The opinion of the court was delivered by: Graffeo, J.:
This opinion is uncorrected and subject to revision before publication in the New York Reports.
In this case involving the violation of an order of protection, we consider whether the mens rea element of burglary may be satisfied by an intent to commit an act that would not be illegal in the absence of the order.
In 2005, defendant Norman Cajigas moved into the apartment where his paramour, Maria, resided with her teenage daughter. He eventually became physically abusive toward the woman and moved out of the dwelling in October 2006. Defendant soon began to stalk Maria on a virtually daily basis. This behavior escalated to a physical assault in November 2006.
After that incident, Maria obtained an order of protection that required defendant to refrain from contacting her in any manner and to stay away from her, her residence and place of work. In April 2007, defendant violated the order by going to Maria's home. He was charged with criminal contempt in the second degree and another order of protection was issued.
The following month, Maria and her daughter moved to a new apartment but defendant's conduct continued, even after he was convicted of the pending second-degree contempt charge. In July, defendant spoke to Maria at a hair salon where she was a patron. Later that day, defendant confronted Maria on the street and did not leave her alone until he saw police officers approaching.
Several days after these incidents, Maria's daughter was home alone when she heard someone trying to open the front door of the apartment. She saw defendant through the peephole and asked him what he wanted. After defendant backed away, the girl telephoned her mother and the police were summoned. Defendant then tried to put something into the lock to open the door. He fled after the girl spoke to him a second time.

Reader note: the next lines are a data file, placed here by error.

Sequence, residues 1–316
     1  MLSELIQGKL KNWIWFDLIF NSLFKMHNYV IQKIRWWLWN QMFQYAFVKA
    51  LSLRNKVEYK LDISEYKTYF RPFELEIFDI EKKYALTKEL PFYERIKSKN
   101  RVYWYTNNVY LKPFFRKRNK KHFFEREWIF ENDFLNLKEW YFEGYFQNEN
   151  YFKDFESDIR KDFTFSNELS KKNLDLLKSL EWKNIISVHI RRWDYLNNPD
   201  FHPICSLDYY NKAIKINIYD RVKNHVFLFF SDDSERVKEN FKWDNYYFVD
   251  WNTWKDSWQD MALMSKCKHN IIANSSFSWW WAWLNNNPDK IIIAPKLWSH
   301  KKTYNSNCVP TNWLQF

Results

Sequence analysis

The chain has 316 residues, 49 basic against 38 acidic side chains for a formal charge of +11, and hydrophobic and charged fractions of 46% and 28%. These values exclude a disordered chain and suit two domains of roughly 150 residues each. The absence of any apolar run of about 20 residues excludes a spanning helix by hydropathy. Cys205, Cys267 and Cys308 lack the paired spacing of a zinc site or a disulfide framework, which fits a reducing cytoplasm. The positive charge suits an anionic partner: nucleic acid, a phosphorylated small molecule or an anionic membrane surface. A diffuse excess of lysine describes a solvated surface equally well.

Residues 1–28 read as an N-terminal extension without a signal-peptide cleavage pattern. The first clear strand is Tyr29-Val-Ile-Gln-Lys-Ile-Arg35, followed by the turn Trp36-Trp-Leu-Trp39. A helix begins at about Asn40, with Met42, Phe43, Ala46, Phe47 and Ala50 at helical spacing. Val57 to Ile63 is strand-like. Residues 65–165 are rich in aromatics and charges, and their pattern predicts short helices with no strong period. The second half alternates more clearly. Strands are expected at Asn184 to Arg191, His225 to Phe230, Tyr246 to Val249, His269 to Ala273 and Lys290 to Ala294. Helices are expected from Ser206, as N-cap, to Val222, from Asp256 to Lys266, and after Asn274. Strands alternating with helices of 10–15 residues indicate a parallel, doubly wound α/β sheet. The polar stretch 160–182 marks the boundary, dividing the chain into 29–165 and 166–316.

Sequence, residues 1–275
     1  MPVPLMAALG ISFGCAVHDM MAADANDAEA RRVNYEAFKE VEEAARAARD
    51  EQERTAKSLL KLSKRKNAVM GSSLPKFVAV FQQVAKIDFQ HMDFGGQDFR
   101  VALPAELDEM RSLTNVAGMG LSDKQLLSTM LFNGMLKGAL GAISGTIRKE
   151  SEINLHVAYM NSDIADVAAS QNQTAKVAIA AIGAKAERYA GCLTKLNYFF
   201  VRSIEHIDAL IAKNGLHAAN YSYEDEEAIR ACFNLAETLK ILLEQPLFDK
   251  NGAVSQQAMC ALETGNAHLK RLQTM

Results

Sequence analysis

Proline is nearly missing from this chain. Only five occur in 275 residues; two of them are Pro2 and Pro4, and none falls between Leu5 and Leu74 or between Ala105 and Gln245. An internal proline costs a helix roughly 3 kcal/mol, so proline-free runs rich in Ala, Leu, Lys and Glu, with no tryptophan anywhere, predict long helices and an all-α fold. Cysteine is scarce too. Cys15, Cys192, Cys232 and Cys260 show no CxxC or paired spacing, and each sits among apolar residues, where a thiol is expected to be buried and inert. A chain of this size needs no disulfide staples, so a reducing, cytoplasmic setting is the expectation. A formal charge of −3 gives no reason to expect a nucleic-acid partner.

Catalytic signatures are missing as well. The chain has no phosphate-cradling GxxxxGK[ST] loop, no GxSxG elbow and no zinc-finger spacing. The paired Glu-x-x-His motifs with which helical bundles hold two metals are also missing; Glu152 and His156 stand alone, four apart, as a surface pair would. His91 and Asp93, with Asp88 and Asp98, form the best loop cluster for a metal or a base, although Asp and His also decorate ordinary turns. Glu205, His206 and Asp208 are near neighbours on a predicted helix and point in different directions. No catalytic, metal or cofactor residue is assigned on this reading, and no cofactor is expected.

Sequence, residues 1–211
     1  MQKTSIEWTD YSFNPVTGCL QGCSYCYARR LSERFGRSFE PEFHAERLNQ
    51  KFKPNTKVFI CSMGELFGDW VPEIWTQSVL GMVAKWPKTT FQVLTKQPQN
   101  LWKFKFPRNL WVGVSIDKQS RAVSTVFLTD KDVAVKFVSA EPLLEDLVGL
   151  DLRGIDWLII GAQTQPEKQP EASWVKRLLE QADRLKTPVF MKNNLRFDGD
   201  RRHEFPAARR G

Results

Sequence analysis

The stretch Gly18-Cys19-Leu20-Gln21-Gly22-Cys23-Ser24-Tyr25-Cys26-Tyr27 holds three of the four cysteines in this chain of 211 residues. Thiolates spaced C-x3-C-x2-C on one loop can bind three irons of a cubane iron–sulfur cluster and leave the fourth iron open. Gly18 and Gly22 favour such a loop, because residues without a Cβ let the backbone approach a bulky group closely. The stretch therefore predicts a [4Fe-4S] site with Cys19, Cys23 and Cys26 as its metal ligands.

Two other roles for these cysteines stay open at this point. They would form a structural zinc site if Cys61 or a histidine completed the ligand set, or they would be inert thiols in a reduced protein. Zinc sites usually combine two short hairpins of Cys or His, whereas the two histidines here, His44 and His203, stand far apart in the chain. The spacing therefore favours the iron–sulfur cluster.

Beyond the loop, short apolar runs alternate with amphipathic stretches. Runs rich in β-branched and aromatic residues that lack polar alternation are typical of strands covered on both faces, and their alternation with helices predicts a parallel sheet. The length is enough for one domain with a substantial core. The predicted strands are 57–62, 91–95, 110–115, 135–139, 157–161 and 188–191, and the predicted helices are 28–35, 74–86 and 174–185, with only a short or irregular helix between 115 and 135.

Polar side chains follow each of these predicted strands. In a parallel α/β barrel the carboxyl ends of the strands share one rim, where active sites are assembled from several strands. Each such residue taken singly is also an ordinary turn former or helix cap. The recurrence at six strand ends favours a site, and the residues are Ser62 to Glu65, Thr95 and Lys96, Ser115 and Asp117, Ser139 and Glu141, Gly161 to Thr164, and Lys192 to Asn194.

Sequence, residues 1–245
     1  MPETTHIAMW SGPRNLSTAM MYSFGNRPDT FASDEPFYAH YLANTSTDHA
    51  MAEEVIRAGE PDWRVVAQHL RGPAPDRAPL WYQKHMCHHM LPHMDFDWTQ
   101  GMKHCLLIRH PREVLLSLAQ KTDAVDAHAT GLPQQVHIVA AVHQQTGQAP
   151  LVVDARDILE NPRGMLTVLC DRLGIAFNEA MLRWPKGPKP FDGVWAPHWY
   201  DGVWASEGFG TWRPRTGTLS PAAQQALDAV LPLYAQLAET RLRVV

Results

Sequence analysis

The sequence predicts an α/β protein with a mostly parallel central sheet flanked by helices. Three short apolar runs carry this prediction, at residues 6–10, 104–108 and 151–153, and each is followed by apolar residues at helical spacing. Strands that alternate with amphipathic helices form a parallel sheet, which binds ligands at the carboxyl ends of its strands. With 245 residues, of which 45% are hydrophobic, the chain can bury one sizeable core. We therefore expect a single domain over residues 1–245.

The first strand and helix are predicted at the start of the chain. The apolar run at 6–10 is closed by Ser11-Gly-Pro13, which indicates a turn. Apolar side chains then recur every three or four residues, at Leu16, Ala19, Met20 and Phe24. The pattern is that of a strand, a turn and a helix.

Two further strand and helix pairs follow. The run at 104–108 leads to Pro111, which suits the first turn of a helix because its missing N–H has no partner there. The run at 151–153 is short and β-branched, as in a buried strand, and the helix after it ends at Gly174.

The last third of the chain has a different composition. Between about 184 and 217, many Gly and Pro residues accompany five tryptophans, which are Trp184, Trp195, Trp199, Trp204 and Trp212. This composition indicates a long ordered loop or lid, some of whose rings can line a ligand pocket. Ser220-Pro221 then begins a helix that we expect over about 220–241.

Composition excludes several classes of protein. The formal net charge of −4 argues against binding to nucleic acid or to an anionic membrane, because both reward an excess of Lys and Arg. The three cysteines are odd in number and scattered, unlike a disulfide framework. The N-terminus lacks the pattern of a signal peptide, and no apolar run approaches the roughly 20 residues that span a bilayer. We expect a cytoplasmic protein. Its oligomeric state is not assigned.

Based on this incident, defendant was indicted for attempted burglary in the second degree and several counts of criminal contempt in the first degree. At trial, defense counsel argued that People v Lewis (5 NY3d 546 ) and its progeny prevented the People from using a violation of the order of protection to prove two elements of burglary -- unlawful entry and the intent to commit a crime therein. Although Lewis held that both components cannot be established by the violation of a "stay away" provision, the defense argued that the mens rea element also could not be satisfied by an intention to commit an act that would not be illegal -- such as attempting to communicate with Maria or her daughter -- but for the proscriptions of the order of protection. After extended discussions with counsel, Supreme Court declined to charge the jury as the defense requested, instead instructing that the intent element is established if defendant intended to violate a provision in the order other than the restriction prohibiting him from going to Maria's apartment.
Jury deliberations ensued and, in response to a note from the jury and over defendant's renewed objection, Supreme Court explained that:
"As used in the definition of the crime of burglary, the element of intent -- that is, the intent to commit a crime therein element of burglary -- is not satisfied solely by a defendant's intent to violate an Order of Protection by entering the dwelling that the Order of Protection declares off-limits.
"There must also be evidence that the defendant intended to engage in some of the conduct prohibited by the Order of Protection while in the banned premises beyond just staying away from the home of the person[,] or to engage in another separate crime.
"So, the element requires something beyond the notion of a trespass.
"Before a jury can find the intent to commit a crime therein element satisfied by an intent to violate an Order of Protection, the jury must find that the defendant intended to engage in conduct prohibited by the Order of Protection apart from the prohibition in the Order of Protection [that] the defendant not go to the home of the complainant."
A similar supplemental instruction was issued after the jury sought further clarification.
Defendant was convicted on all counts and adjudicated a second violent felony offender. He was sentenced to 61/2 years in prison, along with 5 years of postrelease supervision. The Appellate Division affirmed, concluding that it was proper to deny defendant's proposed jury instruction (82 AD3d 544, 546 [1st Dept ...